The first real time analysis of impact and Federal government responses to the COVID-19 pandemic has shown a reduction in income inequity across Australia.
“The drop in the Gini index, which measures inequity, was 0.03 points between February and June 2020,” said Professor Brenton Prosser, Director of the National Centre for Social and Economic Modelling (NATSEM).
“To put this in perspective, we saw more change in three months that we would normally see in three years.”
Utilising cutting edge ‘nowcasting’ economic simulation methods, the research is the first in the country to use near real time data to complement observed data to estimate changes in national household income distribution due to COVID-19.
According to NATSEM, these unexpected findings are temporary, and due to Federal government policies like the JobKeeper and JobSeeker payments.
“The story behind these figures is that without government intervention, disposable incomes would have plunged considerably, with severe consequences for income inequity and poverty levels,” said lead researcher Professor Jinjing Li.
The NATSEM team incorporated three unique Australian datasets into the nowcasting method – the Australian Bureau of Statistics (ABS) monthly Labour Force Survey results, weekly payroll statistics data for between February and June 2020, and biannual income/housing surveys.
The team also analysed the impact of JobKeeper, JobSeeker and the COVID-19 childcare subsidy payments using the centre’s own STINMOD+ model.
NATSEM’s modelling found that the hardest blow to jobs nationally came in April and May 2020, when more people from the lowest 20 per cent of households lost employment.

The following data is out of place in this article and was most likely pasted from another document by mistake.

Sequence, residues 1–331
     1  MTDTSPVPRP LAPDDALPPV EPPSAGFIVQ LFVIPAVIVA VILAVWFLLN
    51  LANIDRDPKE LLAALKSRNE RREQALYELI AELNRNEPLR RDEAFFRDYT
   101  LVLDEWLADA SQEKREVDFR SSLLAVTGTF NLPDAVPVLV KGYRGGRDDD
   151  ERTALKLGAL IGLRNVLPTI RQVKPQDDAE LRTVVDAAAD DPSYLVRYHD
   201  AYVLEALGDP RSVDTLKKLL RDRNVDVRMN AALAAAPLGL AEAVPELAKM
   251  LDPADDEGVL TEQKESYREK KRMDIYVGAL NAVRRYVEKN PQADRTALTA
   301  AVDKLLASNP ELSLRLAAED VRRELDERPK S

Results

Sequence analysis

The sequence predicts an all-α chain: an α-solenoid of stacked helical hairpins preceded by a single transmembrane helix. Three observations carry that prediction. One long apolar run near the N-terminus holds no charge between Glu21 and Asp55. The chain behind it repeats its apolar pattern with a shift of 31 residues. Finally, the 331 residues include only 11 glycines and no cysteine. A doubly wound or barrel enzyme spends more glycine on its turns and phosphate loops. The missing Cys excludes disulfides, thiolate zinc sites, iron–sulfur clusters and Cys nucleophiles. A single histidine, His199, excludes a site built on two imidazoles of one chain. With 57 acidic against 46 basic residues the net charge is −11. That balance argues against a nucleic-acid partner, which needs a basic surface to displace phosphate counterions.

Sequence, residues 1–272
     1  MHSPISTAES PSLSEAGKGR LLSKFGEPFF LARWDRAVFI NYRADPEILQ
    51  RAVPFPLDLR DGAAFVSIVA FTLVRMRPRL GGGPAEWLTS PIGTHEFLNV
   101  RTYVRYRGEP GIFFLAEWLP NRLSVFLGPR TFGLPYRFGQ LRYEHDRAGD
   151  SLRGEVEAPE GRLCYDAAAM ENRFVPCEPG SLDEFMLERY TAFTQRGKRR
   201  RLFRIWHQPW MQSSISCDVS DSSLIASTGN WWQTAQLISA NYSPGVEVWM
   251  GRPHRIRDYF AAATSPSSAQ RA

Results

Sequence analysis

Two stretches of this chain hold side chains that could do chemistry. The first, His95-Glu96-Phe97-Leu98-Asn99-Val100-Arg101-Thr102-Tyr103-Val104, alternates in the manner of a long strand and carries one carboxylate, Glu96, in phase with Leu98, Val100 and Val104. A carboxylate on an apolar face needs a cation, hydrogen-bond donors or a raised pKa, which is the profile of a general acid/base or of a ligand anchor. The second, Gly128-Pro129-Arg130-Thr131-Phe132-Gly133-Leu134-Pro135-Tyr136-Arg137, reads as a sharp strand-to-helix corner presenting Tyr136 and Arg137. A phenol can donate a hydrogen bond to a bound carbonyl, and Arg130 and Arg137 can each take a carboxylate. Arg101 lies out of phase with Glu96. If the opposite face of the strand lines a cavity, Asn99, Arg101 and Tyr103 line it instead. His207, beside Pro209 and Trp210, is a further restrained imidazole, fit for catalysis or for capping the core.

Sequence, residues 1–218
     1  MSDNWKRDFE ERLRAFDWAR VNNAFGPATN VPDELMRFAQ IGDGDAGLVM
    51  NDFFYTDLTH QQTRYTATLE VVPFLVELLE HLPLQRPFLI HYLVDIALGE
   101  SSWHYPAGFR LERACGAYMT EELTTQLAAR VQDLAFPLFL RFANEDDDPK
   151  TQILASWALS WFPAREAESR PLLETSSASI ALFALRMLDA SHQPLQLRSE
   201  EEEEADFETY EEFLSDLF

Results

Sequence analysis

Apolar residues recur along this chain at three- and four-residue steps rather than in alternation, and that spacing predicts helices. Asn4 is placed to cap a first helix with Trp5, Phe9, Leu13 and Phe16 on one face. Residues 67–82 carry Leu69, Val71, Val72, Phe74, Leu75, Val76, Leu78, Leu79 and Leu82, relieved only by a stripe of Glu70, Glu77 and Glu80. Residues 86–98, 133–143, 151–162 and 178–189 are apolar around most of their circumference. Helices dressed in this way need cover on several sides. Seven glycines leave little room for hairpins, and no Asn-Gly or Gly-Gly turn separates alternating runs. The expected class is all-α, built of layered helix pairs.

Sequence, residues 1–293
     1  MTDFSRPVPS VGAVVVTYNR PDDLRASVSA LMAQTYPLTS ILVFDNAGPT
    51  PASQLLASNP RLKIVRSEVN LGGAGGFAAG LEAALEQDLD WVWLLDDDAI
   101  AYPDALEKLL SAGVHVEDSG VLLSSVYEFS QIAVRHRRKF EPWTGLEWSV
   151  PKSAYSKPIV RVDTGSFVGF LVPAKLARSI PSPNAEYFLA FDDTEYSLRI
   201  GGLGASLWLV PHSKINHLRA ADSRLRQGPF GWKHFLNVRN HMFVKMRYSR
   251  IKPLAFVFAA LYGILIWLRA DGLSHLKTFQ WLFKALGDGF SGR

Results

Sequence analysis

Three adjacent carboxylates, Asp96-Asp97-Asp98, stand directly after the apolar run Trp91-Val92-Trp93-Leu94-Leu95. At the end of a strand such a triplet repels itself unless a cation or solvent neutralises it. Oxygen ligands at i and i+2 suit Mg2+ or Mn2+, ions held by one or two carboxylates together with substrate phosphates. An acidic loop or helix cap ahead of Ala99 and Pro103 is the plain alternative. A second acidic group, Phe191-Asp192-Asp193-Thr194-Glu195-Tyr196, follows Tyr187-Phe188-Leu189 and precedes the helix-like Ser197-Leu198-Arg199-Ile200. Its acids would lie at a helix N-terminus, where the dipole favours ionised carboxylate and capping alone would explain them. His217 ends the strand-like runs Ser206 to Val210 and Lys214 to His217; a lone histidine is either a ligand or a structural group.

In terms of monthly disposable income, NATSEM’s analysis of what could have been estimated a decline by 3 to 4 per cent for the lowest households, and up to 10 per cent for the second lowest 20 per cent – instead, disposable income grew by between 9 and 24 per cent across the lowest two groups.
“We initially estimated that the household income shock caused by COVID-19 would have seen a maximum of between 15 and 26 per cent decline in income across all groups. Instead, there was an increase of up to 24 per cent in monthly gross income in the lowest 20 per cent of households, and up to 8.4 per cent across all others,” Professor Li said.
Professors Li and Prosser both feel that the shift in income inequity is notable.
“Usually, the practical challenges of quickly collating and assessing rigorous data present a constraint for urgent policy response – while the impacts of crises are immediate, the results of robust analysis are often years away,” Professor Prosser said.
“This research provides important additional evidence for political leaders, as they face key policy decisions in coming days, weeks and months.”